>advertising campaign called "The Fiction Addiction" I would recommend "Time is
>the Simplest Thing" by Clifford D Simak.  He writes SF that comes very close and
>often oversteps the boundary with fantasy.  The view of time presented therein
>is not the same as mine, but it does present quite graphic images (is that a
>tautology?) of a fixed past and a not-yet-decided future.

If you've read Orson Scott Card's Alvin Maker series, he posits a similar
view of the future with one of the characters who is able to see potential
threads and assist others in heading in the direction they wish to go based
on the choices they make currently.  In this vein, God would simply know all
the threads and his prophesies would be either *large* events that all the
threads lead to or promises that He will intervene to make sure the future
hits the thread he prophesies (which is interesting and might actually be a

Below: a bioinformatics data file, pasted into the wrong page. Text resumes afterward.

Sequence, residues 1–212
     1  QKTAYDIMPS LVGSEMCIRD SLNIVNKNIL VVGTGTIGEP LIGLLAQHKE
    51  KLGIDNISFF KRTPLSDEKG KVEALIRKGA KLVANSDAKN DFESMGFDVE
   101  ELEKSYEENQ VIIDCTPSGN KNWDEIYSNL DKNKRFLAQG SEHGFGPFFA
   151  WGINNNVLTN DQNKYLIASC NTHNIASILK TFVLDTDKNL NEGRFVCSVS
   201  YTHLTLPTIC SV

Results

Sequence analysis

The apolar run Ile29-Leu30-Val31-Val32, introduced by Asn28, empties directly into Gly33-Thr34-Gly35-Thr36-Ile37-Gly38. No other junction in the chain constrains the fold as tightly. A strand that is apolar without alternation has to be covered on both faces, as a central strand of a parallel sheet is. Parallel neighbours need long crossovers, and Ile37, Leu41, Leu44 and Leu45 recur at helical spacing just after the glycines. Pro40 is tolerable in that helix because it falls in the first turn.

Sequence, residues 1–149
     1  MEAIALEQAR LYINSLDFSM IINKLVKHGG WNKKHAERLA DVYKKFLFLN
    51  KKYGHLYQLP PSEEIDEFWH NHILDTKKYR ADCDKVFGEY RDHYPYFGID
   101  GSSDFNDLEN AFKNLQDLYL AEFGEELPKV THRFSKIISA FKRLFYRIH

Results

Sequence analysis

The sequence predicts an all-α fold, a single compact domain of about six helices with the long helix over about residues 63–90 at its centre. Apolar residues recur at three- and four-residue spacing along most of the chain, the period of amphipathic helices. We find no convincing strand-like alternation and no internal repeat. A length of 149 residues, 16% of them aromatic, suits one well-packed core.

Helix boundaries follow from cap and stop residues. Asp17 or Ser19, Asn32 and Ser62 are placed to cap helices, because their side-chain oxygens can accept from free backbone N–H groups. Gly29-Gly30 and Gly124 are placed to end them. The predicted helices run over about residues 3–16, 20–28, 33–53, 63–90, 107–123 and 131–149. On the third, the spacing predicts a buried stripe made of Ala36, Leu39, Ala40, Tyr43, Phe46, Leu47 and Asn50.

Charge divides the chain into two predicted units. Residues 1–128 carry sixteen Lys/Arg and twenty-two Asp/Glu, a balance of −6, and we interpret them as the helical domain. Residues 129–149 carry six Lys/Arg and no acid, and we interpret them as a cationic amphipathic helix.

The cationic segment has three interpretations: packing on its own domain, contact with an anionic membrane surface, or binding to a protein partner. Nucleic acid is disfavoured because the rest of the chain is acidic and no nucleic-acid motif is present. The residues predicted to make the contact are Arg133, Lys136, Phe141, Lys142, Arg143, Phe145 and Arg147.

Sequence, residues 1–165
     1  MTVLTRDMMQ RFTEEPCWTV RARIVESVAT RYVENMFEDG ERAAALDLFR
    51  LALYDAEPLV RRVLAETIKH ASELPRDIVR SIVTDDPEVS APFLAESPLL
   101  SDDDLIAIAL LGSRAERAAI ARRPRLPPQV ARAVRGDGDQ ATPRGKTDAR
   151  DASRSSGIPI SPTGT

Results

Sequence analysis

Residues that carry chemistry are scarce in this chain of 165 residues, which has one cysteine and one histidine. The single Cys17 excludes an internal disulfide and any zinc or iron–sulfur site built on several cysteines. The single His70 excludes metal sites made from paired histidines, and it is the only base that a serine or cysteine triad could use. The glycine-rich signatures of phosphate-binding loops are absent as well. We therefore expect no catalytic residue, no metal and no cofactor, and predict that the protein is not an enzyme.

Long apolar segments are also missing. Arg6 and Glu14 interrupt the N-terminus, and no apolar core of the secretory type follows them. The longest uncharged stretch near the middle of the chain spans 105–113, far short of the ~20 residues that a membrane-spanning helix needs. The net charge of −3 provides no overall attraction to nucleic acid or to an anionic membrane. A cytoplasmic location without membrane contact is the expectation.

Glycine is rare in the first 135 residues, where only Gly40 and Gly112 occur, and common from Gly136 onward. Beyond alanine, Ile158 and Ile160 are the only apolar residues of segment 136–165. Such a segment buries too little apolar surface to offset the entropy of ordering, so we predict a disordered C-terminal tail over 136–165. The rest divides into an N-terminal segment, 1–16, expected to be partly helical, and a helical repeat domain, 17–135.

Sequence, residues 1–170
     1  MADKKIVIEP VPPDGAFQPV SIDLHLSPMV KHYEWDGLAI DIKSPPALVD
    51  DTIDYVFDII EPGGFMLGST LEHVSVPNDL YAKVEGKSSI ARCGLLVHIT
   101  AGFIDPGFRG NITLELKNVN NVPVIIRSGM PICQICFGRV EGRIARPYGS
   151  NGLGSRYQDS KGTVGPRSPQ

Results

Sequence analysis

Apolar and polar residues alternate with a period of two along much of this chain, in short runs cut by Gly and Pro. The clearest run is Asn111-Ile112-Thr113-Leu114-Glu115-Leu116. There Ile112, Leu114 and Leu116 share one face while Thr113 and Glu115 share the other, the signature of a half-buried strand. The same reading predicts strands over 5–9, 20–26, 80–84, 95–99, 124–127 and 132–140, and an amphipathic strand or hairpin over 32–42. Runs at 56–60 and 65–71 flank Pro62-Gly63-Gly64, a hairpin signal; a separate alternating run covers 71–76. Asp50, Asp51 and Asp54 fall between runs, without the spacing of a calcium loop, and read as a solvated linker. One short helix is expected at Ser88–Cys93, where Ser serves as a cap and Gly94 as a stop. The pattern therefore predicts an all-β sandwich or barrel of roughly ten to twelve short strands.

reconciliation of my above contradictions if you think about it).

>Perhaps a compromise could be reached by thinking of "potential futures" - of
>which Monigan might grab the wrong one - and a single "actual future" that will
>be selected from them.  We don't change actual futures, we select a potential
>future and it becomes actual.  I think my father would like that - he's very
>fond of "potency and act" arguments.  Hey!  He's certainly read TotG (I don't
>think he liked it much, though) so perhaps I'll bring up the subject and see if
>he does come up with that idea...

Again, Card's Alvin Maker picture could reconcile both by allowing God to
know the future (He knows all the strands and where He will intervene and he
makes promises based on that knowledge) and us to choose it as well.  It
makes it tough for us to time travel because that would introduce a feedback
loop, but then, we don't actually time-travel, do we?  That's why I liked
your description of TotG as a chain of cause and effect that doesn't
necessarily follow the stream of time.  It'd be a short, tightly contained
feedback loop with a couple of interesting branch points.

>This has turned out much longer than I expected.  Oh well.

Yeah.  Thanks for going into detail.  I appreciate it, and apologize again
for imputing more than was stated.

Jacob Proffitt